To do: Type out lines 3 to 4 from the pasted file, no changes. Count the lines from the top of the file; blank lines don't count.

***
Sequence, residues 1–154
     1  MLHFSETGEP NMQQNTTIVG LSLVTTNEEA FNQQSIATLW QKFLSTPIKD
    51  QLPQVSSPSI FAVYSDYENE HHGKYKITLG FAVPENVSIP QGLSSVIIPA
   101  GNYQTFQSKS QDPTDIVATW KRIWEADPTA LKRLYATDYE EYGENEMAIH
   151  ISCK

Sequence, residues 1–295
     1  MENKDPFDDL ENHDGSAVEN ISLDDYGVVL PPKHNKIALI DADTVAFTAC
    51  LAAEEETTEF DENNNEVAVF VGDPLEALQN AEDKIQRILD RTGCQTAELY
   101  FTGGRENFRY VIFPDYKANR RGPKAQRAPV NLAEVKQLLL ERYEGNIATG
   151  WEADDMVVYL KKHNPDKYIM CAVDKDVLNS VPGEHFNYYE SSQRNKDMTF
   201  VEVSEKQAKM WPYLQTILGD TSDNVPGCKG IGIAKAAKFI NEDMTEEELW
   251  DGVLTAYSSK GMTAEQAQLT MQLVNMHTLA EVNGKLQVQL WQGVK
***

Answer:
    51  QLPQVSSPSI FAVYSDYENE HHGKYKITLG FAVPENVSIP QGLSSVIIPA
   101  GNYQTFQSKS QDPTDIVATW KRIWEADPTA LKRLYATDYE EYGENEMAIH